Vail Film Festival, Doors Open Denver, RiNo’s new ArtPark and more things to do this week

Wet, and maybe a little wild

Friday-Oct. 30. Evergreen’s annual Rocky Mountain Watermedia Exhibition this year sourced its 65 entries from an impressive 485 submissions representing 25 states. It speaks to the prestige of the event, which focuses on not only on traditional, transparent watercolor paintings but also materials such as acrylic, egg tempera, gouache, and mixed media in a variety of artistic styles. Subjects range from wild animals to the domesticated environment and lots in-between.

The free, opening reception from 4 to 7 p.m. on Friday, Sept. 24, at The Center for the Arts Evergreen includes food and drink (beer and wine available for purchase) and free tours of the exhibit at 4 and 5 p.m., led by Sara Miller, CAE’s senior director of exhibitions. Painter and teacher Steve Griggs, the juror for the show, will also hand out 20 awards for the top pieces.

Stream it on Zoom or attend in person at 31880 Rocky Village Drive in Evergreen. 303-674-0056 or

ArtPark: Denver’s newest outdoor hangout

Friday-Sunday. It’s been a long time coming, but we’re happy the creative minds behind the River North Art District’s ArtPark did it right. The new, manicured open space at 1900 35th St. transformed an otherwise gritty industrial lot into one of Denver’s most attractive new hangouts and art-making centers.

From Friday, Sept. 24, to Sunday, Sept. 27, organizers will hold a grand opening celebration with art projects and workshops, tours of the on-site library and artist-workspace, live music and more. Artists Jaime Molina and Pedro Barrios (with help from Tres Birds Workshop) will unveil their latest works at a 4 p.m. dedication ceremony on Sept. 24: three industrial cement mixers that are now sculptural works, according to a press statement.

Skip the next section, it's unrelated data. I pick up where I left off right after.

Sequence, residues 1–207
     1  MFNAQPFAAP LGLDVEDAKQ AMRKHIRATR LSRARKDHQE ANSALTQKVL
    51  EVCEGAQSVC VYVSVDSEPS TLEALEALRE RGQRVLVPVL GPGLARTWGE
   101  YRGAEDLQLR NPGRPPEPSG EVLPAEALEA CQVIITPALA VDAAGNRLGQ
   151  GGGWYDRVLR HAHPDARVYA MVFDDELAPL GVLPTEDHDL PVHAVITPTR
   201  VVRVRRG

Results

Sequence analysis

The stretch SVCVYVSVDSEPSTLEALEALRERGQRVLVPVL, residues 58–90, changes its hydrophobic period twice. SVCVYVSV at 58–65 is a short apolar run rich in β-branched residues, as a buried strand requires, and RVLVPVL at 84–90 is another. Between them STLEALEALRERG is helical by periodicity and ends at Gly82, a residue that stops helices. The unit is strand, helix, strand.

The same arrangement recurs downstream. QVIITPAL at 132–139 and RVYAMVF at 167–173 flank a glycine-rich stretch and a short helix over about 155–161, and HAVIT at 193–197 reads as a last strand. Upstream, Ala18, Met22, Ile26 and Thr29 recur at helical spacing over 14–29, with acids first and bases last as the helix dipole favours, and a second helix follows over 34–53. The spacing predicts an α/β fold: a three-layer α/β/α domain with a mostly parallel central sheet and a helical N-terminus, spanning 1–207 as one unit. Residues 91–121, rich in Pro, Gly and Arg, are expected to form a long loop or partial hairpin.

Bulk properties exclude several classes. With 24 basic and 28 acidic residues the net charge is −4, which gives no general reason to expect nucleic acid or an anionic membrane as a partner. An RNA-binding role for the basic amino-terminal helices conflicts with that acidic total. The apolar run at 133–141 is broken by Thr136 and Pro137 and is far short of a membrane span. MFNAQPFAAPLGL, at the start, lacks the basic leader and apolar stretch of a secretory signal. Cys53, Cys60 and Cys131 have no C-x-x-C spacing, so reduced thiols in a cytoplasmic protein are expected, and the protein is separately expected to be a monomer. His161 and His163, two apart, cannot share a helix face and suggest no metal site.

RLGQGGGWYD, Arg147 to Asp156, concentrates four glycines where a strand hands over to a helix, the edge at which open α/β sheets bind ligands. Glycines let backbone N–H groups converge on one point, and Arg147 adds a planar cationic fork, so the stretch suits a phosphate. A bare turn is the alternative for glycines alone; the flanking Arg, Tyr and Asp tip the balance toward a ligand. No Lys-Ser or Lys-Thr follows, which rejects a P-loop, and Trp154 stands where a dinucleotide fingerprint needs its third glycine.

Saturday, Sept. 25, and Sunday, Sept. 26, offer more free, all-ages activities — Ethiopian coffee, books and zines, live music, bilingual paper flower and piñata making, yarn-bombing, food trucks — and a 6-9 p.m. Lawn Salon fundraiser ($150 per ticket). Other events are free and open to the public. Visit for the full schedule.

An open, architectural invite

Monday-Oct. 17. This year’s 17th Doors Open Denver understands that some of us may not be able (or want) to get back out there and experience its architectural exemplars in person. As a result, the celebration of Denver’s built environment is bringing back its free, on-demand virtual tours from 2020, which mimic the live events.

This year’s new tours, which launch Monday, Sept. 27, include the 200 block of South Lincoln Street’s Historic District, Daniels & Fisher Tower, Loretto Heights’ Pancratia Hall and the NCAR Mesa Laboratory, as well as a dozen archived virtual tours (Freyer-Newman Center, Blair-Caldwell African American Research Library, etc.). The 2021 live tours will visit the Clyfford Still Museum, Historic Elitch Theatre, Historic 11th Avenue Hostel and U.S. Olympic and Paralympic Museum.

Times vary, and the event runs through Oct. 17. Virtual tours are free; in-person tours are $25 for members and $30 each for nonmembers.

High-country film fests

Through Sept. 26. Following a year of painful, if nimble, virtual programming, at least one film festival is returning this weekend with select in-person screenings. The 42nd Aspen Filmfest, which started Sept. 21 and continues through Sunday, Sept. 26, has titles screening in Aspen and Carbondale. Tickets are relatively steep ($25 per screening — and it only goes up from there) but well worth it if you can afford it and/or enjoy supporting Colorado film organizations.

Also this week: Vail Film Festival, which kicked off Sept. 23, continues through Sept. 26, has gone virtual again with 80 titles representing a diverse, global class of filmmakers. Visit for the full program.

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